At the bottom of the embankment, far below the railway line, I found myself on a level footpath that ran along an embankment that led down to the river. It became clear to me that this path was once the foundation for an old railway that had been replaced by the one which I had just left. As I walked along, I realised that this old railway bed was what the two gentlemen had meant by walking along the railway track.  The path wound its way through the depths of the Vale following the course of the river. The scenery down in the valley did not disappoint. It could not have differed much from what it was like when Edward Lear walked along the Vale 129 years earlier.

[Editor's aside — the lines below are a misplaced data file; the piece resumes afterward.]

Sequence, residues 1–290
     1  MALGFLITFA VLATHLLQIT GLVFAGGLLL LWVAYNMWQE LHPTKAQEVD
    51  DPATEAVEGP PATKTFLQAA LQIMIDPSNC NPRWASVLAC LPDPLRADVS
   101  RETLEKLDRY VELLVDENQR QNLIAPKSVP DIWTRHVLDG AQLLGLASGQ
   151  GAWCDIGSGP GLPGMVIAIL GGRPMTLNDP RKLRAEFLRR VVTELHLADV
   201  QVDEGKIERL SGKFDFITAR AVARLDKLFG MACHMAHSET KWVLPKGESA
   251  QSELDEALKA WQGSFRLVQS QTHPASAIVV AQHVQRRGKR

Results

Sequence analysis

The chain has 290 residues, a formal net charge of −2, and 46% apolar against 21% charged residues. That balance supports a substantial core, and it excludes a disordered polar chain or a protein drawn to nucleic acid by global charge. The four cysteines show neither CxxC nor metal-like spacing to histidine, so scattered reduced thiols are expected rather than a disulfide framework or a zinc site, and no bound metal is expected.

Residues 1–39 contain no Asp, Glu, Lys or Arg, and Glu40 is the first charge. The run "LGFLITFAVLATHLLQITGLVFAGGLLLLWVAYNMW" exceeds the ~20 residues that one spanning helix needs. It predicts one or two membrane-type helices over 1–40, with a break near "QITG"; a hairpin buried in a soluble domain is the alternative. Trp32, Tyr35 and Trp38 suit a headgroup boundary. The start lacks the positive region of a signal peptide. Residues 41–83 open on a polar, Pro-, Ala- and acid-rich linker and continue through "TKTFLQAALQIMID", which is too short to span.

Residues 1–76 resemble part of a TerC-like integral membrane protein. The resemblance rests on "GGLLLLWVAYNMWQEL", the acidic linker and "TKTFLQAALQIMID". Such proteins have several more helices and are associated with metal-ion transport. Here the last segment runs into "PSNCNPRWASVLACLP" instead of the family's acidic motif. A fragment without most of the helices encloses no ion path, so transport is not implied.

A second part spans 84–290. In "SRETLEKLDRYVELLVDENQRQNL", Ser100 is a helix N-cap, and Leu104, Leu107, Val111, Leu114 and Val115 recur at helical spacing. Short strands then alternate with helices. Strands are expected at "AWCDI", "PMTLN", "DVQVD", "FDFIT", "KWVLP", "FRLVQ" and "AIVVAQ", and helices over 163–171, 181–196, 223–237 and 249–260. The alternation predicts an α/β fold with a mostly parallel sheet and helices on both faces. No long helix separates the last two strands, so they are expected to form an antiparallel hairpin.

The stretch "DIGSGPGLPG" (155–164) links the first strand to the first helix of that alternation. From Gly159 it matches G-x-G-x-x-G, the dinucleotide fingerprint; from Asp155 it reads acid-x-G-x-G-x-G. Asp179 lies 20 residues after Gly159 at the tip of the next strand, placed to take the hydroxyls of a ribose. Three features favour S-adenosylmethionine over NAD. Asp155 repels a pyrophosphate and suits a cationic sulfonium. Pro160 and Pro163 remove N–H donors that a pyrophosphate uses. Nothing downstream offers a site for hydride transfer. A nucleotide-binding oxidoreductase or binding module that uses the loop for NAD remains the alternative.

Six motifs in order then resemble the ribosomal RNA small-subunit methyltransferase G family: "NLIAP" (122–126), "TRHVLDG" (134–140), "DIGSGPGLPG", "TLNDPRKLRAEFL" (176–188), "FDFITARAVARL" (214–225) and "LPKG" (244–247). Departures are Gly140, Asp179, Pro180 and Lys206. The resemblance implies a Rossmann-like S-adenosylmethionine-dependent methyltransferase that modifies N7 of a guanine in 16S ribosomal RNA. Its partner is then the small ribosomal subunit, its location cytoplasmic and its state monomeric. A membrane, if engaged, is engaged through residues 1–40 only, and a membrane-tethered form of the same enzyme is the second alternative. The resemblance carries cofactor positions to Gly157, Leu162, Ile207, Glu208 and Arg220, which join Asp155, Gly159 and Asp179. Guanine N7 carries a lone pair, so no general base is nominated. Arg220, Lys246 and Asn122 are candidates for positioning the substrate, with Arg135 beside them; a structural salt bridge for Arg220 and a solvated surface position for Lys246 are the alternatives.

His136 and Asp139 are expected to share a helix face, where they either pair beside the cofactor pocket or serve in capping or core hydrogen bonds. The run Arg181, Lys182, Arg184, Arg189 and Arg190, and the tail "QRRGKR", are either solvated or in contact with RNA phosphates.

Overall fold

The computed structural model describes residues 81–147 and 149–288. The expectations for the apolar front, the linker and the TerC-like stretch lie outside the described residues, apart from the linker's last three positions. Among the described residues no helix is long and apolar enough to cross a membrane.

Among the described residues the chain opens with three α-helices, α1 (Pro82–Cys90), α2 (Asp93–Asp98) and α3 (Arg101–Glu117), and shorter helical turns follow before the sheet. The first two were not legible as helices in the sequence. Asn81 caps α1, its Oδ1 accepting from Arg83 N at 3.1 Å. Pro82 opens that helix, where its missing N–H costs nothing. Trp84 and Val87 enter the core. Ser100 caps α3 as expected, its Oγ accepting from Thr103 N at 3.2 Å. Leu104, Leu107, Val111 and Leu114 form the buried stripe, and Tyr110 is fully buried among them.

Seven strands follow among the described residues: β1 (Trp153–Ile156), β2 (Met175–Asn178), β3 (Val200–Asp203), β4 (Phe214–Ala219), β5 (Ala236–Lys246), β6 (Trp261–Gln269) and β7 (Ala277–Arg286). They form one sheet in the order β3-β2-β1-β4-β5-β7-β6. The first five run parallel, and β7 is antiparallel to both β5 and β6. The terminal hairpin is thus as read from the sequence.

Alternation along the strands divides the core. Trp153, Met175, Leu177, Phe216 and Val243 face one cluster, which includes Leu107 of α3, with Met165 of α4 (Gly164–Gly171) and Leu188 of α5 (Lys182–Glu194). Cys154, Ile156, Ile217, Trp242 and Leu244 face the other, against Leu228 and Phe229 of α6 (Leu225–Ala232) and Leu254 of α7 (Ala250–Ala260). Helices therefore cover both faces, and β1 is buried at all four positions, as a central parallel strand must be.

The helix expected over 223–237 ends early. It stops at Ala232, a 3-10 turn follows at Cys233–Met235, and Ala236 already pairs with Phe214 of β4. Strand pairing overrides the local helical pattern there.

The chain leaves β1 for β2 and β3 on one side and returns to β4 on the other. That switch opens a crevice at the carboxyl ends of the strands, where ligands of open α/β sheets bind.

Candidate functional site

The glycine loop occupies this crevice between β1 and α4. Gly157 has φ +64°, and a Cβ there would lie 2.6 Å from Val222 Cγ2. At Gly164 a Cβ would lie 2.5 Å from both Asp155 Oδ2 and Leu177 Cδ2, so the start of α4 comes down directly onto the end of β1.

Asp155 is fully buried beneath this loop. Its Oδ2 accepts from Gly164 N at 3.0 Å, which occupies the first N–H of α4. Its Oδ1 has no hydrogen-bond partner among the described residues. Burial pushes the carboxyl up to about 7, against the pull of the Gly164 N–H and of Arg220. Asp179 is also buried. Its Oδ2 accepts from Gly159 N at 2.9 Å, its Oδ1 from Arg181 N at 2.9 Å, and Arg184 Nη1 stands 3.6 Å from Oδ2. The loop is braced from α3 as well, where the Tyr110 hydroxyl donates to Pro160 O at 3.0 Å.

After a while, I reached what must have once been a railway station. I had arrived at the old railway station of Aghios (Saint) Paraskevi. This was part of a group ecclesiastical buildings. A suspension bridge for pedestrians ran from near it across the river to the other shore. Away from the river, there were some picturesque pools. The whole area was luxuriant with many trees, some with branches hanging over the stream.

The religious compound was not present when Lear walked the Vale. The old railway was built in 1910 as was the present church of Aghios Paraskevi (that stands on the site of a 13th century church). The bridge that I crossed was constructed in the 1960s. Before that, pilgrims could only reach the church by boat (see: https://www.johnsanidopoulos.com/2012/07/st-paraskevi-in-valley-of-tempe.html).